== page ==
A recent variant of Netsky seeks to worm its way onto people's desktops by claiming to patch various "hot" recent...
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viruses or worms, including Sasser, Netsky itself, Beagle (aka Bagle in some listings), Mydoom, and MSBlast (aka Blaster in some listings), according to a recent news report. As with any other e-mail attachments, it's essential to train your users never to use them to patch systems. In another tip, in fact, I wrote about an incredibly convincing hoax that looked and read exactly like a real Microsoft security bulletin. That is, except for one thing: neither Microsoft nor any other reputable software vendors, including antivirus companies, ever send patches or updates to subscribers or users via e-mail. The hoax asked users to install the attached update!
"Why don't vendors send updates via e-mail?" you might be tempted to ask. Although they could use mechanisms such as public key encryption or digital signatures to prove their identities for e-mail delivery, software vendors uniformly choose to send notification of updates by e-mail, and let users download patches from verifiable sources at their convenience. Otherwise, in some cases vendors offer registered, up-to-date users subscription services that can initiate downloads (when available, such as Symantec's LiveUpdate service) to keep software and data files current, or automated update services (such as Windows Update) to do the same thing.
Making user software pick up downloads automatically or on demand is good policy from a security standpoint, as recent events clearly illustrate. But there are also size and message fan-out issues to consider as well. Because Microsoft Service packs are normally over 100 MB in size (if not much bigger), it's irresponsible to broadcast mail with attachments that big to large numbers of users. This is not only because of the size of the attachment itself, but also because of the large number of such messages that would be generated. The same thing is true, in fact, for most attachments over 1 MB in size. As responsible Internet citizens, most companies won't send that much data attached to e-mail; it's simply more efficient to have customers grab and use downloads when and as they need them (and many companies stage local copies of downloads as well, to prevent their users from having to copy the same thing repeatedly across the Internet).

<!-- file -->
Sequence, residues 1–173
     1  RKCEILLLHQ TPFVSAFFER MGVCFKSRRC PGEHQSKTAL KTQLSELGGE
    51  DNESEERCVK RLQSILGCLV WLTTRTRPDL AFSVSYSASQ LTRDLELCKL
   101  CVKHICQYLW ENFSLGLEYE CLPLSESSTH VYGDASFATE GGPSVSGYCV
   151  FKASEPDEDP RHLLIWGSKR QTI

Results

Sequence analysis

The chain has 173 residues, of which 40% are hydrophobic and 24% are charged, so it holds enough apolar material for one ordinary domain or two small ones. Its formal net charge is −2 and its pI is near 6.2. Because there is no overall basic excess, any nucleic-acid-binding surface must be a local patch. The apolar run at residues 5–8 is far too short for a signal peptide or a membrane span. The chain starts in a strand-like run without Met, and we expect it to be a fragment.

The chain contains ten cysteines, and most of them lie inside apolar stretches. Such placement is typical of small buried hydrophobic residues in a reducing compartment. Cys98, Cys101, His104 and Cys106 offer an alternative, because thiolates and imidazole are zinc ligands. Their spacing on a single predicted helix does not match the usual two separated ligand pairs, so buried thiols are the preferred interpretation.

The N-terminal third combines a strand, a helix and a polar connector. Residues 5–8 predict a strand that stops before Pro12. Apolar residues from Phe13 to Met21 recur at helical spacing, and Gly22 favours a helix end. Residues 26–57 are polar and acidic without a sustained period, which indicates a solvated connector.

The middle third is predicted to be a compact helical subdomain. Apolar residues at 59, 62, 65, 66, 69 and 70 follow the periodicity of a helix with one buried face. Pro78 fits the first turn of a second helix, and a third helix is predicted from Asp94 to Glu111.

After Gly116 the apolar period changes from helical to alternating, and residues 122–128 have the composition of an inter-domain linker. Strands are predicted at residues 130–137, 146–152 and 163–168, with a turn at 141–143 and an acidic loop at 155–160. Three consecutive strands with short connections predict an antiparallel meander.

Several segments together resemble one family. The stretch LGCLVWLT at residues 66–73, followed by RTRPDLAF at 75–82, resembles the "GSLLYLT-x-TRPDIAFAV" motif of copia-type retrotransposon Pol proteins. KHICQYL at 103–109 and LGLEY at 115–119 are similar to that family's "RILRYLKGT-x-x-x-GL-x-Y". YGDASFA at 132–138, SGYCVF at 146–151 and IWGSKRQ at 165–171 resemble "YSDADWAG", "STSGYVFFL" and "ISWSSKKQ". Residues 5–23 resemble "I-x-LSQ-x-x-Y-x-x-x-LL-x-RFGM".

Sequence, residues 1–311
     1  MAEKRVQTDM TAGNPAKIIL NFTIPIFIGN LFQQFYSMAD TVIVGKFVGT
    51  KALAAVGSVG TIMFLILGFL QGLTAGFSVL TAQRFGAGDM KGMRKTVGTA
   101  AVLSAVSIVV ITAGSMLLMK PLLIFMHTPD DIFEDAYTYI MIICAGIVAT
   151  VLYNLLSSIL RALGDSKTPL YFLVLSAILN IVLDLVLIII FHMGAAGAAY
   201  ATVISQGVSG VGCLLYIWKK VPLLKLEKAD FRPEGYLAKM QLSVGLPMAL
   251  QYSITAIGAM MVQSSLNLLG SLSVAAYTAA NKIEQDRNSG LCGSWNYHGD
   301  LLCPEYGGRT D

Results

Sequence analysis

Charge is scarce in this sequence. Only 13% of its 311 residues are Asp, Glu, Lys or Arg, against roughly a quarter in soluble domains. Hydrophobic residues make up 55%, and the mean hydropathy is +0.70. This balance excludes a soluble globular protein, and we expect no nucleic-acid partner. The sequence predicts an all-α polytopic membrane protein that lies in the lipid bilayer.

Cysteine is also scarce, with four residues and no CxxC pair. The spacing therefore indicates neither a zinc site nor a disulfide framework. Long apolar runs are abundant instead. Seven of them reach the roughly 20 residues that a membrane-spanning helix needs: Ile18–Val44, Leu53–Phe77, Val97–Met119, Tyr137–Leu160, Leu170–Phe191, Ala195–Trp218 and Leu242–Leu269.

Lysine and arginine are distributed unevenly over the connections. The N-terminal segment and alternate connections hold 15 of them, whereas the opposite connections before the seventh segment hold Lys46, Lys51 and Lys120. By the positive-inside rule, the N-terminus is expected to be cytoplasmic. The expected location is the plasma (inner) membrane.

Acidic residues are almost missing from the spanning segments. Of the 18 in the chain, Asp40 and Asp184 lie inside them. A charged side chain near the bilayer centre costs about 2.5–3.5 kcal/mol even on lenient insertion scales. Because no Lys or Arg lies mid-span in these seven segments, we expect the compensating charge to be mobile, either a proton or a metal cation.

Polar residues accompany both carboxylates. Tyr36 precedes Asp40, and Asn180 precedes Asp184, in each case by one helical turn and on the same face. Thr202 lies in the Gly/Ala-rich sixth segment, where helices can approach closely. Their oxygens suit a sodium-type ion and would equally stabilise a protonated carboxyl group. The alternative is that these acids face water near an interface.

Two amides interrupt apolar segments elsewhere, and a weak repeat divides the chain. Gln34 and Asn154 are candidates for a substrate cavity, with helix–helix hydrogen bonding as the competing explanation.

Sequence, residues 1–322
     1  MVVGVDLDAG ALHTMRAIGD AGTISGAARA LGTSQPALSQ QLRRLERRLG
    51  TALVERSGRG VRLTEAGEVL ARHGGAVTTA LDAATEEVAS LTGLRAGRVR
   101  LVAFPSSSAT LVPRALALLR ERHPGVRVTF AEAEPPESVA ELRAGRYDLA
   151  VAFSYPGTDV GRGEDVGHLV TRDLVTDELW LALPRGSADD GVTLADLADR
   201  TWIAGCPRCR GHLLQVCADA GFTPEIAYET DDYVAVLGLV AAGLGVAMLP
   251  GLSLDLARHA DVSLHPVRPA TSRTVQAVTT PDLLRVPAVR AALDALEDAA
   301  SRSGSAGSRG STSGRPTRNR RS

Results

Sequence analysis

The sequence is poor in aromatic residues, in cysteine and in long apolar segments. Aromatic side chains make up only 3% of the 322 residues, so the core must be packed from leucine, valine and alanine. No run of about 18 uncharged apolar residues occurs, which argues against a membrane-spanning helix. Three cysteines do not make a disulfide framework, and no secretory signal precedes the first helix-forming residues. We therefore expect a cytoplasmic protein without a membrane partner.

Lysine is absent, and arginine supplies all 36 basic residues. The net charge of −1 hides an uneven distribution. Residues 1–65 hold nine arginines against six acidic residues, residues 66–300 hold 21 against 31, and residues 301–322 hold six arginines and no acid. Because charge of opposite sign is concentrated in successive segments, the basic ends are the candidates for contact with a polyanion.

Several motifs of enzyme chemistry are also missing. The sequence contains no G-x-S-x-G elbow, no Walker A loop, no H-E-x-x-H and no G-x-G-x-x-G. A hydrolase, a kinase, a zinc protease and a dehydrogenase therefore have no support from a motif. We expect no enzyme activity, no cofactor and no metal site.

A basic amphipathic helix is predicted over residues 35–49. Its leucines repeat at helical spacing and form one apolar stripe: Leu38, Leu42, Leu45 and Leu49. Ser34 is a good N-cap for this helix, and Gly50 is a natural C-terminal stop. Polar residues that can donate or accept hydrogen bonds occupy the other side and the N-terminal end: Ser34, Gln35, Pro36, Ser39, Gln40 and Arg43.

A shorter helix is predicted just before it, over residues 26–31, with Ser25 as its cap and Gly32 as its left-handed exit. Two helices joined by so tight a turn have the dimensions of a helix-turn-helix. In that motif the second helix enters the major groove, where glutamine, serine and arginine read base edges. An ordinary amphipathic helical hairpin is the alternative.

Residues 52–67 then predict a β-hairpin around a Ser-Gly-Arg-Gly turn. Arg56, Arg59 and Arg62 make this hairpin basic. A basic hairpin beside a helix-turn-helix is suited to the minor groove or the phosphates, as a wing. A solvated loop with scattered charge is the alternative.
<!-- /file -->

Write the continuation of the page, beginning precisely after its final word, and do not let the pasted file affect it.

The simple rule of thumb to teach users is: Never open or install anything that calls itself an update, a patch, a fix or whatever that shows up in your e-mail inbox. If you must install something (on a home or traveling machine, away from the office, for example), go to the vendor's Web site or use an automatic update service to download the patch. These simple words of advice, with properly patched and updated systems, will help users avoid nearly all sources of infection that might show up in their inboxes.
Tom Lancaster, CCIE# 8829 CNX# 1105, is a consultant with 15 years experience in the networking industry, and co-author of several books on networking, most recently, CCSPTM: Secure PIX and Secure VPN Study Guide published by Sybex.